Molluscum contagiosum is a viral infection of the skin commonly at mucous membrane sites. This virus is commonly transmitted through skin-to-skin contact. This also includes contact with an infected persons skin but could also be transmitted by using a towel that was previously used by an infected person. Molluscum contagiosum is contagious until the bumps are gone. If untreated this can take up to six months or longer. Medications for treating these infections include an astringent to dry out the lesions or over the counter wart medicine. Surgical treatments include cryosurgery as well as scraping the lesions off.

Herpes simplex infection has been studied extensively and is typically found in sports with a lot of direct skin to skin contact (wrestling, rugby, etc.) It is stated that herpes can be transmitted from infected wrestlers’ mats but this is still being researched due to the fact that the virus cannot live long outside of the body. Spreading occurs when a sore is present but may also occur in its absence. Herpes patients may know that the virus is present on the skin when they experience the “prodromal symptoms”. These symptoms include itching or tingling on the skin right before a blister or lesions appear. Herpes infections are treated with antiviral medication to suppress or prevent outbreaks from occurring.

Fungal infections:

There are different types of fungal infections and each of the names is based on the body part that the disease infects. Fungal infections can be transmitted through direct skin contact with an infected person, animal-to-human transmission is common. Fungal infections usually live in crowded, humid conditions, places that sweat excessively. Also, athletes that wear tight constrictive clothing with poor ventilation can be more susceptible.

Tinea pedis is a fungal infection of the feet. This is characterized by scaling plaques along the plantar surfaces of the feet. This fungal infection can affect athletes because it thrives in warm moist environments. Affected athletes should be treated with antifungal agents and wear protective footwear when using shared facilities to decrease transmission to other athletes.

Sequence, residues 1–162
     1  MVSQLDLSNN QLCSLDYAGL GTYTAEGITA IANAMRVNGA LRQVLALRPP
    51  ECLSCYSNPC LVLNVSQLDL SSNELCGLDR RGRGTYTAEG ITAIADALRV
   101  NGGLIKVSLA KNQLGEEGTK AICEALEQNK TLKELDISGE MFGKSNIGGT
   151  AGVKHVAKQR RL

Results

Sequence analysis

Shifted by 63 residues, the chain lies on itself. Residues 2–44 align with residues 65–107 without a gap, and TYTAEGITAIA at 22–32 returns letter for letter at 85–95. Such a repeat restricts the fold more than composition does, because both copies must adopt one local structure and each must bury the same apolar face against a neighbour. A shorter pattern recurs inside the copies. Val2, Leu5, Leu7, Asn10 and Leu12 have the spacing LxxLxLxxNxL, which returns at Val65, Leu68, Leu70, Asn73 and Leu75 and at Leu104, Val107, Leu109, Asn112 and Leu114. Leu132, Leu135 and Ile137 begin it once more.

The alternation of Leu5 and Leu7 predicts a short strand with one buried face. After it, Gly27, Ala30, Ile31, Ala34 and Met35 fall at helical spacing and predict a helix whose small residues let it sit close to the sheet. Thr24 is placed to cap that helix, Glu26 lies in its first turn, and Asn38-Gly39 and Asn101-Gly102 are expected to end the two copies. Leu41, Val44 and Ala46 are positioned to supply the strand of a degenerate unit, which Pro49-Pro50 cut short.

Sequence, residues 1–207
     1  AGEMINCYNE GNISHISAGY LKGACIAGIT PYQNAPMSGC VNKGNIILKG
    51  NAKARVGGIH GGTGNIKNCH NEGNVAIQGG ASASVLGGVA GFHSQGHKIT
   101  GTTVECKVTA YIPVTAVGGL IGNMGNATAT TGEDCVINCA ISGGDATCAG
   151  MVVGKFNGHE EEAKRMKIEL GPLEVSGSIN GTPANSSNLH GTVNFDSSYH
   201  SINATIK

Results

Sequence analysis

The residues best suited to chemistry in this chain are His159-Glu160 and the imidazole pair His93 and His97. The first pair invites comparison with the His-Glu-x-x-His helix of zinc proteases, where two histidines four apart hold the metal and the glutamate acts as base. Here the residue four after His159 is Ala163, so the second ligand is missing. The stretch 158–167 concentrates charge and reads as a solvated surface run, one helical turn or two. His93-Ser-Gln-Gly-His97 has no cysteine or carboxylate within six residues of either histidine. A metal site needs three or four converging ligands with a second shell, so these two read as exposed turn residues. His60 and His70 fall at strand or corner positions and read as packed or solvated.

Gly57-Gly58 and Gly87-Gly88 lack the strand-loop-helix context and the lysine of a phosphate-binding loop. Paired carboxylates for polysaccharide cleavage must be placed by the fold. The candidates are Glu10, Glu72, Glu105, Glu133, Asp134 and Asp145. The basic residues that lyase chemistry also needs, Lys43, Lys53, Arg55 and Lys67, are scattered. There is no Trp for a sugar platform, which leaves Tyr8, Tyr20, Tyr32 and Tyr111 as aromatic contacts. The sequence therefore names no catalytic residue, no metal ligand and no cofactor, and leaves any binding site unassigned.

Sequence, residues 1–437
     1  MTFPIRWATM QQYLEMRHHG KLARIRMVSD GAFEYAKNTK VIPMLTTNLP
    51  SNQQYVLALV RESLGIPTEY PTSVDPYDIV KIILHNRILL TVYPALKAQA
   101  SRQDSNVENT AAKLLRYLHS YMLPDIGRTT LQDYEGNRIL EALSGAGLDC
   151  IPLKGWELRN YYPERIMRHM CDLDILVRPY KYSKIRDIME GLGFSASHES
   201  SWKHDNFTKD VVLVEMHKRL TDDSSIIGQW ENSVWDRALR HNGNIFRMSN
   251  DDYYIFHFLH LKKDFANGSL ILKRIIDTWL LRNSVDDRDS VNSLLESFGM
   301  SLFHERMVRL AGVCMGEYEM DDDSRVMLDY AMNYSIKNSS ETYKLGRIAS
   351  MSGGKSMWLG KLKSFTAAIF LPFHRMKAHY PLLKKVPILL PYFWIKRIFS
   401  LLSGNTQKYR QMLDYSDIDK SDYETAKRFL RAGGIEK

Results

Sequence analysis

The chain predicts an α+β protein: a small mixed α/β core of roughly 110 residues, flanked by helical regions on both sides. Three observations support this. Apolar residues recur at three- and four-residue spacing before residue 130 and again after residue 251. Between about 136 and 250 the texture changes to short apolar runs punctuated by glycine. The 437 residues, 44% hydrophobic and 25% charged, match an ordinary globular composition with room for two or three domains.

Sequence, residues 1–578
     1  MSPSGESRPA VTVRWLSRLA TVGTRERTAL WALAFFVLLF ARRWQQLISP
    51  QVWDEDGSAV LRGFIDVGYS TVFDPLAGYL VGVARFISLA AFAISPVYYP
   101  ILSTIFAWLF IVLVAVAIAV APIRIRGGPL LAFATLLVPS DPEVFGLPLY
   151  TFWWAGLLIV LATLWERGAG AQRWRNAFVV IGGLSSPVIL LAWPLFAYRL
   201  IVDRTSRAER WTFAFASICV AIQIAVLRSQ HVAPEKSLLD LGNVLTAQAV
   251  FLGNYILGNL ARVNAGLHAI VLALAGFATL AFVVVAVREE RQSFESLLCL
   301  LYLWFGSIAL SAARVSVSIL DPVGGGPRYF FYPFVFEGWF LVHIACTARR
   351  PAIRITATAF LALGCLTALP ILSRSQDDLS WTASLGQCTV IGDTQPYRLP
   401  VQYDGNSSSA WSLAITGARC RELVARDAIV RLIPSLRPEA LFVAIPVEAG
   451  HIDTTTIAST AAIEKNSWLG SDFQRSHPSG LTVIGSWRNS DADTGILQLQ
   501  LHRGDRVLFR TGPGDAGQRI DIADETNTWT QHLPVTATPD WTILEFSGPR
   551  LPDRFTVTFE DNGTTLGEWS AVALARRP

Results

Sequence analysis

Tinea corporis, also known as ring worm, is the more common among the athletic population. This presents with an enlarged raised red ring with a central area of healing. The edge of the rash tends to look elevated and scaly to touch.

Treatment of fungal infections includes application of a topical antifungal cream to the skin. In extensive of cases of fungal infections, treatment with an oral medication may be necessary.

Prevention of fungal infections include: washing hands regularly, avoiding lesions of other people, wearing loose-fitting clothing, and practicing good hygiene when participating in sports involving physical contact with other people. Also, not sharing towels and using caution when utilizing community showers or ice baths can help prevent the spread of fungal infections.

The National Federation of State High School Associations (NFHS) and the Sports Medicine Advisory Committee (SMAC) have both come up with a Sports Related Skin Infections Position Statement and Guidelines. This is a guideline that has information about the skin infections themselves but also the treatment and amount of time an athlete must be removed from participation. For ringworm, an athlete much be treated with an oral or topical antifungal mediation for a minimum of 72 hours prior to participation. Impetigo, Folliculitis, Carbuncle and Furuncle is treated with oral antibiotic and 72 hours of removal of participation and signs of the infection resolving. Herpes infections must be scabbed over with no oozing or discharge and no new lesions in the preceding 48 hours.

Skin infections are not something to be taken lightly. Some are very contagious and spread rapidly if not treated. Early diagnosis and treatment is the best option for controlling an outbreak. It is good for athletes to know their body and be able to pick up on infections early but also for Athletic Trainers, coaches and other staff members to be able to look out for signs of skin infections as well.

Helpful Sites:

· Sports Related Skin Infections Position Statement and Guidelines as defined by The National Federation of State High School Associations (NFHS) and the Sports Medicine Advisory Committee (SMAC)

http://ncasb.org/Documents/SportsMedicine/SportsRelatedSkinInfections.pdf

· The site below is the Ohio High School Athletic Association’s stance and information on skin disorders.

http://www.ohsaa.org/medicine/skininfections.pdf

· The following site is about different infections that can be transmitted between athletes.

http://www.ncbi.nlm.nih.gov/pmc/articles/PMC1071398/